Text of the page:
“You can- can say i-it, you know?” Evan had his hand in Connor's hair. He played with it, waiting patiently for the boy to respond.
“She hates me. She really does, you know? And I can’t take back anything I’ve said. Not- Not anymore,” he explained slowly, carefully keeping his voice from breaking.
“It's just- I- I loved her smile, you know? I never told her, never. But it was wonderful, really. It was.”
“Yeah,” Evan admitted, lost in his own thoughts.
“And I couldn't tell her, I was too scared to talk to my own sister, and now it's- it’s too late.”
Connor breathed out. The whole conversation was exhausting. And some would say nothing could tire a ghost.
“And- I loved so many things a-about her. I loved the stars on the cuffs of her jeans, I loved- loved how she put indigo streaks in her hair, and I wanted to ask her to maybe lend me one of those, but I-
I never said anything. And she hated me. And she does now, because I was too scared, because I thought we were too far away from each other.”
He stopped for a while, drawing a deep breath.
“But she is- was my sister, after all. She- she would understand.”
Evan just nodded, letting the boy talk as much as he wanted, because he was sure Connor needed it.
“And her guitar? I wanted to play it so many times. I wanted her to teach me how to do that. I wanted to play something just for her.
And, guess what? I didn't.”
Suddenly, Evan tensed up. Connor thought he had done something wrong, he had said something not right, but when he quickly backed away from Evan, the boy was smiling.
“What's this all about?” Connor grew suspicious.
“I, uh, I might have a-an idea.” His smile reached his eyes and Connor started freaking out a little.
“What kind of idea?”
“Well, um, you can't t-talk to- your sister, right?”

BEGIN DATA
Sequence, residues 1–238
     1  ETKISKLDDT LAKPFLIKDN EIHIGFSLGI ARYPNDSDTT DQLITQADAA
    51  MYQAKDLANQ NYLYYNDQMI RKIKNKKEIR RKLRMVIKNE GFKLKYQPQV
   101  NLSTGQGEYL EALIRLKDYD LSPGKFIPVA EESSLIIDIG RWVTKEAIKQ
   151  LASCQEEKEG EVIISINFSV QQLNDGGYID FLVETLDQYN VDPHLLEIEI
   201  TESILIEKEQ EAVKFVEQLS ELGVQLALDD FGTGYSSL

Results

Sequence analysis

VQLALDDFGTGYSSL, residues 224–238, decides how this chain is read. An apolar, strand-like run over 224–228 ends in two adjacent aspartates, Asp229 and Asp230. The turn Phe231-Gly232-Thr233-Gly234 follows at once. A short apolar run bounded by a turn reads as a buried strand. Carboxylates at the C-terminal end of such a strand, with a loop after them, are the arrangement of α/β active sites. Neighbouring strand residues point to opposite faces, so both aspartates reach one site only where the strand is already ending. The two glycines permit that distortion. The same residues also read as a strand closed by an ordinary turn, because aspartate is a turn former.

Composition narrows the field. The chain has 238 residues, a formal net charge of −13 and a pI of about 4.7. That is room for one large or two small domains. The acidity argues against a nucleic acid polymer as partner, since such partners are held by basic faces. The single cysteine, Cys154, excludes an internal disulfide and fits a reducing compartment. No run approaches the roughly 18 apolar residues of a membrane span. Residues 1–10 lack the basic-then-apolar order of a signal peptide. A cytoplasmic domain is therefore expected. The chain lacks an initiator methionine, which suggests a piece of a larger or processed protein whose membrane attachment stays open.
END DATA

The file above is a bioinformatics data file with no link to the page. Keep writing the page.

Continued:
“Yeah, thanks for reminding me,” Connor grunted.
“But! I mean, you a-are able t-to talk to, to me.”
“That one I also know already. Out with it, Hansen.” Connor sighed loudly, showing no interest, even though he was really curious about what the boy was going to say.
“You can talk to me, a-and I, I can talk to Zoe. And w-we were supposed to b-be friends, so…”
Realization dawned on Connor.
“Jesus fucking Christ, Evan.”
“Yeah. I can just- I can tell her w-what you told me, a-and let her u-understand.”
And Connor could have smiled right there and then, but he didn't. On the contrary, he seemed to be more sad than before.
Evan couldn't figure Connor out; not then and probably not ever.
“Aren't- um, aren't y-you h-hap-py?” Evan's eyes widened in panic and stress. He thought he'd done something wrong.
Connor just shook his head.
“It's not it, I just… Why would you want to do that?”
Evan sucked in a breath. “I-I-If you d-don't want t-to, I w-won't, I’m, I am- sorry,” he rambled.
“Don't. I mean, why would you even want to do that?” Connor was genuinely curious.
“B-because you de-deserve it,” Evan encouraged.
Evan was looking at Connor, waiting for a response, for any sign, really. To know what Connor wanted.
And then, the tall boy smiled. Grinned, even.
“Thank you. It's a good idea, I think so.”
Evan smiled back.